When constructing a complete burner management system, the experts at Profire ensure all required standards for your application and location are met. There are a variety of specific standards that need to be adhered to, whether it be in relation to the burner, controllers, or fuel trains, to ensure the system is performing safely. It is also imperative to maintain the integrity of your system by continually upgrading and completing regular maintenance of your system to ensure continued compliance of all required standards. Profire’s field services teams are available to complete scheduled 12-point inspections on your systems. Let’s take a quick look at the applicable standards for industrial heating appliances.
Performance and prescriptive based standards
Burner management standards can be classified under two main umbrellas: prescriptive and performance-based.
Prescriptive-based standards are a set of compliance criteria outlining safeguards that should be implemented based on experiences from previous incidents or near misses. These standards do not specify how to properly implement them as they are generalizations that affect a wide array of heaters, furnaces, and boilers.
Performance-based standards include more specified criteria for design objectives and are regulated through several governing bodies including the National Fire Protection Association Standard, the American Society of Mechanical Engineers Control and Safety Devices, the Canadian Standard Association, the International Organization for Standardization, and the interpretation of these standards is followed by the Authority Having Jurisdiction (AHJ) which can be comprised of different individuals who are authorized at a particular location.
Prescriptive based standards
Here are some examples of prescriptive based standards Profire burner management systems adhere to:
NFPA 85 – applies to gas, liquid, and solid fuel boilers with a heat release exceeding 3.7 MW. This code addresses combustion systems hazards, design, installation, operation and maintenance procedures, and training. It covers in particular combustion and draft control equipment, safety interlocks, alarms, trips, and other related controls that are essential to safe operation.
NPPA 86 – applies to thermal oxidizers, incinerators, and a number of applications such as ovens, dryers, and specialist furnaces. It specially states that it does not apply to process heaters used in the chemical and petroleum industry and is designed in accordance with API 560 and API 566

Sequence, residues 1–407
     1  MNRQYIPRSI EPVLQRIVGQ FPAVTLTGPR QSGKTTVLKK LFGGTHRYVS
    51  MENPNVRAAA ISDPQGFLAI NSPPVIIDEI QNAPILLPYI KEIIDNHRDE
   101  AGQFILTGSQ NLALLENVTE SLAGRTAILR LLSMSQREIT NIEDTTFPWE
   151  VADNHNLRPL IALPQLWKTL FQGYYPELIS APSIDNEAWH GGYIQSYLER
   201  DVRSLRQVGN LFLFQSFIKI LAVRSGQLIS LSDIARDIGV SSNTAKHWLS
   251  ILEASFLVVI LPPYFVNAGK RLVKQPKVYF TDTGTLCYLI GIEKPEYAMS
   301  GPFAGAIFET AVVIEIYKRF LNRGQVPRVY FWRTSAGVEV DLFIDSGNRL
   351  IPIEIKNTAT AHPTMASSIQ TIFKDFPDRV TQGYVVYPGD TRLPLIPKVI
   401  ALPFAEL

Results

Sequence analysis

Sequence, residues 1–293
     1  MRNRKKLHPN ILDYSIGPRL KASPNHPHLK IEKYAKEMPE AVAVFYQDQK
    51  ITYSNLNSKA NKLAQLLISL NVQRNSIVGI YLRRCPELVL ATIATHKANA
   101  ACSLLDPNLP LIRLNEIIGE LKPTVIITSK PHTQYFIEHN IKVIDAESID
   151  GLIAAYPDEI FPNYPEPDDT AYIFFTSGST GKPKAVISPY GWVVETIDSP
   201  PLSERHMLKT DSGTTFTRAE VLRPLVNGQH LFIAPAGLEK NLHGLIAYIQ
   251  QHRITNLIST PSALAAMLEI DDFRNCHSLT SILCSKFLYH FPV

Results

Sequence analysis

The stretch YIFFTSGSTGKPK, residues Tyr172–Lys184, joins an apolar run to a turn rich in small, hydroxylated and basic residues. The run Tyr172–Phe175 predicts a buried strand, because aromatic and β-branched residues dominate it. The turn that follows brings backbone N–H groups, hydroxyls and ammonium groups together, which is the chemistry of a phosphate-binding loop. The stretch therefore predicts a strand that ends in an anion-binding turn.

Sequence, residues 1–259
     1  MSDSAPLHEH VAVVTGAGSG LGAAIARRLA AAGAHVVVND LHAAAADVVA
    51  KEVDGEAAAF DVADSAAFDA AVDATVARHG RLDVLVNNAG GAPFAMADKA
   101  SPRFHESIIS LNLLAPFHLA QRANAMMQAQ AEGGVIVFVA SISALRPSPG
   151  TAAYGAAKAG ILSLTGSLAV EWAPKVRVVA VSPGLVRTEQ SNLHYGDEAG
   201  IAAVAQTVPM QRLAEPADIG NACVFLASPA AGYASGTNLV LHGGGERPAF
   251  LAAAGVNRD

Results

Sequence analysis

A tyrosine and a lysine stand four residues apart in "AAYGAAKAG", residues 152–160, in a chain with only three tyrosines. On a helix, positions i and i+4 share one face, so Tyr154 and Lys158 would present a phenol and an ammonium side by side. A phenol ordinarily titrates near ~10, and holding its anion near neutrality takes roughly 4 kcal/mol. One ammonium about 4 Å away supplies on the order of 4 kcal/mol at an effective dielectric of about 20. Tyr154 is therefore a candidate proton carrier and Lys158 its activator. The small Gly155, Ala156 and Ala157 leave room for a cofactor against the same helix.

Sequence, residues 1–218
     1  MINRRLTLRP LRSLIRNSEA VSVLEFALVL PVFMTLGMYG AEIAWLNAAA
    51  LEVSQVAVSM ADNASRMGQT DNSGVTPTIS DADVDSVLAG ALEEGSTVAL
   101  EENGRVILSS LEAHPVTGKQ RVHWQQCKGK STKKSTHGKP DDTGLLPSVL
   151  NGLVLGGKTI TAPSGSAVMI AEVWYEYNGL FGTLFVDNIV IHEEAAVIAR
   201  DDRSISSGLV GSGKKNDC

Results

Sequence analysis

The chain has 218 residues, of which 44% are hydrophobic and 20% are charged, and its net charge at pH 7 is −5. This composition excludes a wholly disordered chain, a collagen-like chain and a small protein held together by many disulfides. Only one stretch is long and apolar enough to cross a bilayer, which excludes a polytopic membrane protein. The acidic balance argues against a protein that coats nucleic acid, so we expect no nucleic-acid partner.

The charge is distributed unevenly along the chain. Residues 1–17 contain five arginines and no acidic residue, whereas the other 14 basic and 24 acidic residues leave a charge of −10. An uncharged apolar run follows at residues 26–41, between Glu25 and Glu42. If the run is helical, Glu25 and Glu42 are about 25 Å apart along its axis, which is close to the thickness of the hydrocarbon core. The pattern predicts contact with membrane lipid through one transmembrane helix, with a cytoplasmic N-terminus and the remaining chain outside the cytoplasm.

NFPA 87 – applies to thermal and process fluid heaters. It does not apply to process heaters used in the chemical and petroleum industry and is designed in accordance with API 560 and API 556.
EN 746-2 – specifies the safety requirements for industrial furnaces and industrial heating equipment. It details the hazards associated with the use of industrial thermal equipment and specifies the safety measures required for compliance with the essential requirements of relevant European Directives. EN 746-2 covers a broad range of fired equipment from process industries such as cement, lime, ceramic, iron and steel, glass, waste incineration, drying, refining, chemical, and petrochemical. As EN 746-2 covers very different types of fired equipment, the application of its generic requirements on some equipment types may be impossible, impractical, or may not justify the cost.
ISO 13577-2 – applies to fired equipment from the same process industries as EN 746-2. This standard applies worldwide, although it annexes have distinct requirements for Europe, USA and Japan. The standard specifies the requirements to ensure the safety of people and property during commissioning, startup, operation, shutdown, maintenance periods, and dismantling, as well as in the event of possible malfunctions.
CSA B149.3 – specifies requirements for fuel-related components in their assembly on appliances in Canada. It applies to gas fired equipment for material processing.
AS 3814 – this code provides the minimum requirements for safe operation of gas fired industrial and commercial appliances in Australia. Of all codes and standards pertaining to industrial fired equipment, this standard is considered the most onerous to comply with because of its complexity.
Performance based standards
There are various standards that are applicable to a number of different components of a burner management system. These include:
API 538 – applies to industrial burners, in general refinery and petrochemical services. It was written by manufacturers and users of industrial boilers to supplement rather than duplicate the requirements of NFPA 85. API 538 specifies requirements and gives recommendations for the design, operation, maintenance, and troubleshooting of industrial boilers. It covers waterside control, combustion control, BMS, feedwater preparation, steam purity, emissions, etc.
API 556 – the standard addresses instrumentation, control, and protective systems for gas-fired heaters used in the refining industry. As it is specific to refinery process heaters, it is widely used by the refining industry, although local jurisdictions may also bring additional requirements. It was written by specialists covering the fields of fired equipment, instrumentation, control, and protective functions. It integrates the operating experience and incident history of major refiners to reduce the overall risk exposure to equipment and personnel. For each hazard scenario, API 556 provides recommendations on design, control system constraints/overrides, operator response to alarms, and protective functions to ensure satisfactory mitigation of the process hazard. With the exception of a few prescriptive “shalls”, the user may choose between solutions of different levels of sophistication and cost, which all mitigate hazards but provide different availability levels.